An invitation to meet the Duchess at Kinneil House
16 April 2010
One of Kinneil House’s most famous past residents - Anne, Duchess of Hamilton - will be welcoming visitors to the fine historic mansion on the outskirts of Bo’ness next weekend.
A costumed interpreter playing the great 17th century lady will entertain audiences at two free open days on Saturday 24th and Sunday 25th April.
There will also be an opportunity to enjoy free tours of this splendid heritage property - and view the beautiful 16th and 17th century painted decorations adorning the walls and ceilings of the Arbour and Parable Rooms.
The open days have been organised jointly by Historic Scotland, which cares for Kinneil House, and the charity The Friends of Kinneil. The events will run from noon to 4 pm each day, with last admission 3.30 pm.
Born in 1631, Anne, 3rd Duchess of Hamilton, was an impressive and influential character. She and her husband William were responsible for the major expansion of Kinneil House in the late 17th century. This saw the original 15th century tower house adjoined to the nearby palace building by means of one of two decorative towers, flanking the original tower house.
Sheena Garden, of Historic Scotland’s Interpretation Unit, says: “Anne, Duchess Hamilton, played such an important part in the history of Kinneil House so it’s fitting that visitors meet her.
“Our talented costumed interpreter will be giving hourly performances to bring her story and the past of this fascinating mansion to life to enhance the tours of the property.
“We first introduced visitors to the Duchess at Kinneil House last year when we ran this event to tie in with Scotland’s Year of Homecoming. It proved extremely popular so we hope that it will now encourage many more visitors to come along to this outstanding site.”
Bruce Henderson, chairman of The Friends of Kinneil, said: “We’re pleased to be working with Historic Scotland on a new series of open days at Kinneil House.
“You can visit the grounds and its neighbouring museum throughout the year. However, access to the big house itself is limited to special open days like this.
Last year, five similar events, run in conjunction with Historic Scotland, attracted 1700 people – and we’re expecting similar interest this year.
“Kinneil House is a wonderful place to visit and I’d encourage people to come along and enjoy the free tours. The addition of performances from our ‘Duchess’ will make the April openings even more special.”
As well as the Duchess events on 24th and 25th April, Kinneil will also be open for free tours on 27th June, 29th August and 31st October. For full details, please visit www.kinneil.org.uk
Kinneil House is the centrepiece of the magnificent Kinneil Estate, a public park owned by Falkirk Council. The estate features a cottage used by inventor James Watt, the ruins of a medieval church, and remains of a Roman Fortlet – part of the Antonine Wall, Scotland’s latest UNESCO World Heritage Site.
There is also a small museum in the former stable block in front of Kinneil House. The museum is open throughout the year, from 12.30 pm to 4pm, and admission is free. It interprets the House and the wider estate and features an audio visual show and hands-on exhibits.
NOTES FOR EDITORS
- Kinneil House is located on the western edge of Bo’ness, off the A904 (follow signs for Kinneil Museum).
- Set in a public park, the oldest part of Kinneil House is a 15th century tower remodelled by the Earl of Arran between 1546 and 1550 and transformed into a stately home for the Dukes of Hamilton in the 1660s.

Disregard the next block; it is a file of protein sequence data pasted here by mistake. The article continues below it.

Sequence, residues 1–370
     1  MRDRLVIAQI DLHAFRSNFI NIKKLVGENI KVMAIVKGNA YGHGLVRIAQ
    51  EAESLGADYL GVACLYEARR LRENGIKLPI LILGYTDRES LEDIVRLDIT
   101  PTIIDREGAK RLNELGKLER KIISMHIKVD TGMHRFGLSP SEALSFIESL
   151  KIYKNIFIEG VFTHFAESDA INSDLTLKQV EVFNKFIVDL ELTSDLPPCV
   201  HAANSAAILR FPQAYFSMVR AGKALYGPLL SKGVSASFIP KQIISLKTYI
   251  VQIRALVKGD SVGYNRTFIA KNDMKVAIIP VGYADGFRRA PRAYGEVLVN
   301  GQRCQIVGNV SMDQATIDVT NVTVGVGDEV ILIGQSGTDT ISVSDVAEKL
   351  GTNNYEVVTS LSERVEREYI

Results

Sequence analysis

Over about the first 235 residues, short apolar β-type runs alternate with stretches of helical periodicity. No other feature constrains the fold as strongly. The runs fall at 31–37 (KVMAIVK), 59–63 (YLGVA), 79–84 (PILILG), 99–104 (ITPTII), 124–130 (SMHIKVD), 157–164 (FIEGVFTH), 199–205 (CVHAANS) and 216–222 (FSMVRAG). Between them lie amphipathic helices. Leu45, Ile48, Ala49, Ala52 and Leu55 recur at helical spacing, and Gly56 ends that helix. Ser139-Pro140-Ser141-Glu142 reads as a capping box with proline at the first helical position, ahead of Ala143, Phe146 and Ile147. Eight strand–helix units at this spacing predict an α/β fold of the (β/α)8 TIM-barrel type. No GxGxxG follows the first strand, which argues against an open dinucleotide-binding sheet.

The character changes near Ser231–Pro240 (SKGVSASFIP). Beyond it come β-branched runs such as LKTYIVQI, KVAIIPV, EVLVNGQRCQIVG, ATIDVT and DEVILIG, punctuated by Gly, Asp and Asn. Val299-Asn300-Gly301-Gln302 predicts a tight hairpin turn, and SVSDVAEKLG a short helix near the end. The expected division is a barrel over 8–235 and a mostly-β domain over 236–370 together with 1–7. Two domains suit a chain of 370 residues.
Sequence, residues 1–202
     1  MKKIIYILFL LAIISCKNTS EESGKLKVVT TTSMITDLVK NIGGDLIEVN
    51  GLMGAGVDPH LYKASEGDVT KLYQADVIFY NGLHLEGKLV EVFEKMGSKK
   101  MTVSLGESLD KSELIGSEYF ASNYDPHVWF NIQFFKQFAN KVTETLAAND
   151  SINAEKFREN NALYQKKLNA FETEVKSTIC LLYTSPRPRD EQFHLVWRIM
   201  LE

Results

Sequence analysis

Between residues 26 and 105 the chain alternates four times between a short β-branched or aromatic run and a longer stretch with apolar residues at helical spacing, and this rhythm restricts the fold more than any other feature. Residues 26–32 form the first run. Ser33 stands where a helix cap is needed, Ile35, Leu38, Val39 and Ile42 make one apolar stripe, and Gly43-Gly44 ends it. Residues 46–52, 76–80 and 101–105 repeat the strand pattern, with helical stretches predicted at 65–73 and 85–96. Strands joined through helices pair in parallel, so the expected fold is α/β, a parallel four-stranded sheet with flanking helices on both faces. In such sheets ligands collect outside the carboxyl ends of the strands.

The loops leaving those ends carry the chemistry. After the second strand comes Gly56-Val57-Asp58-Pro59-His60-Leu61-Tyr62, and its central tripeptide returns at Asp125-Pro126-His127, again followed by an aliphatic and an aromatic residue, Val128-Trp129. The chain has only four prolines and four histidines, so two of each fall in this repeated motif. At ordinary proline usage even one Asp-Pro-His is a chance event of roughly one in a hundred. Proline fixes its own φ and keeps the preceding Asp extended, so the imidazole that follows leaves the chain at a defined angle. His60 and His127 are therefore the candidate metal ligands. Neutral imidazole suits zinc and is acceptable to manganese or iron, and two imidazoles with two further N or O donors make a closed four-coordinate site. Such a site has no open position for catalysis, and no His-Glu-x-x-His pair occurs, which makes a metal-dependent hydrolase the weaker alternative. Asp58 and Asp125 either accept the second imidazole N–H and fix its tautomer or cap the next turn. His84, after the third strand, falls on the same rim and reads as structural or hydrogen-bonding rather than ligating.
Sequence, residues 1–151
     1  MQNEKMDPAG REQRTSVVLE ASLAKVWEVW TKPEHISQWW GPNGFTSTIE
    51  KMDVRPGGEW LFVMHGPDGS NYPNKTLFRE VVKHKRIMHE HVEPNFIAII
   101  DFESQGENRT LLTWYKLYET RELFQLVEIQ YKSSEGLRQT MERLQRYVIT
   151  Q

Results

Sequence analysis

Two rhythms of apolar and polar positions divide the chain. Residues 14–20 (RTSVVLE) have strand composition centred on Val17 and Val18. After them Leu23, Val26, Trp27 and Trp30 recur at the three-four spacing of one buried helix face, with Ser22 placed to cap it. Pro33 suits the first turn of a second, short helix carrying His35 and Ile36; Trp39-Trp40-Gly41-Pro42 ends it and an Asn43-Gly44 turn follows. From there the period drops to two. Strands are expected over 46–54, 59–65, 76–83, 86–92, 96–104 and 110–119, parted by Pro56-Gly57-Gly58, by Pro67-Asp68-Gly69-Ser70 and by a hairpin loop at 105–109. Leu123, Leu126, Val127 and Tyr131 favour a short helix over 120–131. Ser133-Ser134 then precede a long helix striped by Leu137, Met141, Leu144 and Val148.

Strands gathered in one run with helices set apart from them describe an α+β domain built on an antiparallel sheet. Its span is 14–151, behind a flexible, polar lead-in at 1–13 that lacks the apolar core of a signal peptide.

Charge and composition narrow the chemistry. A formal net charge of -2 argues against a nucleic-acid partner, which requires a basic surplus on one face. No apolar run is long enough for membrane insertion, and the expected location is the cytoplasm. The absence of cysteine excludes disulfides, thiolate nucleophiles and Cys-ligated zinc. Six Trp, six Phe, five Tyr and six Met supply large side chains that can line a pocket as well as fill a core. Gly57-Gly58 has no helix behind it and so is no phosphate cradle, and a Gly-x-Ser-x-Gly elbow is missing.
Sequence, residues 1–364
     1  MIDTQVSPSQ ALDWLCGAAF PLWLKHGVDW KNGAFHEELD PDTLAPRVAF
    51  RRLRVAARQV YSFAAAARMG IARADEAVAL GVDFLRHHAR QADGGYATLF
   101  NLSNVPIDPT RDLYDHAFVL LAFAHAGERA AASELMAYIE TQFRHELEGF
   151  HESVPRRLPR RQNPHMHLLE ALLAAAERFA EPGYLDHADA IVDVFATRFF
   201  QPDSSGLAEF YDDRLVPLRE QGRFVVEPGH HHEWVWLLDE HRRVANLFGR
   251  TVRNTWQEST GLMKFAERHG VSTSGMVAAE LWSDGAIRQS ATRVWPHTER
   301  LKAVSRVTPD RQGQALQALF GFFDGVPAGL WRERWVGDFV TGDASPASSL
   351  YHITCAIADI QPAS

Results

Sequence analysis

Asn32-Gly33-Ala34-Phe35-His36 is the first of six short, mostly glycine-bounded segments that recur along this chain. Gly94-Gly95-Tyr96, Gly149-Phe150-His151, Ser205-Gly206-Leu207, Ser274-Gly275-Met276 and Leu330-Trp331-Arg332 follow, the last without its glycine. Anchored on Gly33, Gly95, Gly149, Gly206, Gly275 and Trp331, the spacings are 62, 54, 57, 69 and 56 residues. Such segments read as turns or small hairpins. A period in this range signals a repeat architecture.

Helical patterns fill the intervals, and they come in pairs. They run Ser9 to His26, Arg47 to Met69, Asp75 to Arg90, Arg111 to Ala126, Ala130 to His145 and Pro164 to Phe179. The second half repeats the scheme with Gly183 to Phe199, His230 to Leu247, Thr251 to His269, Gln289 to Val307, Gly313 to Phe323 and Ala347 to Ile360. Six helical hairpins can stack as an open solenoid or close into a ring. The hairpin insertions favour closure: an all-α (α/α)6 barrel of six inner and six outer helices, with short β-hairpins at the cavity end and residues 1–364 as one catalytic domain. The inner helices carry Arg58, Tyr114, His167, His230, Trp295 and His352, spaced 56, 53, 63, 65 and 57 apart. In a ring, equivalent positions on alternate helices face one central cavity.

- The grounds contain the ruins of James Watt’s cottage and the boiler of his Newcomen Engine.
- The history of Kinneil dates back to 1323 when lands were granted by Robert I to Walter Fitzgilbert of Hamildon, the head of the family which later produced the Dukes of Hamilton. The Hamiltons’ main seat was in west central Scotland but over the centuries Kinneil became their base in the east. In the 1400s they built a small tower house here in an easily defensible position overlooking a ravine. In the late 1400s or early 1500s the tower house was enlarged. In 1553 James Hamilton, 2nd Earl of Arran, built a palace to the north east of the tower house to its north east. In 1667, William, 3rd Duke of Hamilton and his wife Anne launched a major expansion of Kinneil House. Within a century, however, the Hamiltons had ceased to use Kinneil, and rented it out to tenants.
- The Friends of Kinneil was set up in 2006 to support and promote the development of Kinneil House and the surrounding estate and area, and to enhance and protect its heritage. Over the past few years it has worked with Historic Scotland to improve public access to Kinneil House, running a series of free open days. It also takes part in other activities within the estate. The Friends of Kinneil is a registered charity (Charity Registration Number: SC038368). Find out more at www.kinneil.org.uk/friends
- Kinneil House is one of 345 heritage properties and sites throughout Scotland in the care of Historic Scotland. From the Highlands and Islands to the Borders, these range from prehistoric dwellings to medieval castles, and from cathedrals to industrial buildings. They include some of the leading tourism attractions in the country including Edinburgh, Stirling, and Urquhart Castles, Fort George, Linlithgow Palace, the Border Abbeys, and Skara Brae. For further details visit: www.historic-scotland.gov.uk/places
- Historic Scotland’s mission is: to safeguard Scotland’s historic environment and to promote its understanding and enjoyment.
- Historic Scotland’s current ‘Make Your Own History’ membership promotion is offering 15 months’ membership for the price of 12 when membership – enabling unlimited access to over 75 heritage attractions - is purchased by direct debit. Family membership costs less than £7 a month. For more information on the ‘Make Your Own History’ membership offer, visit: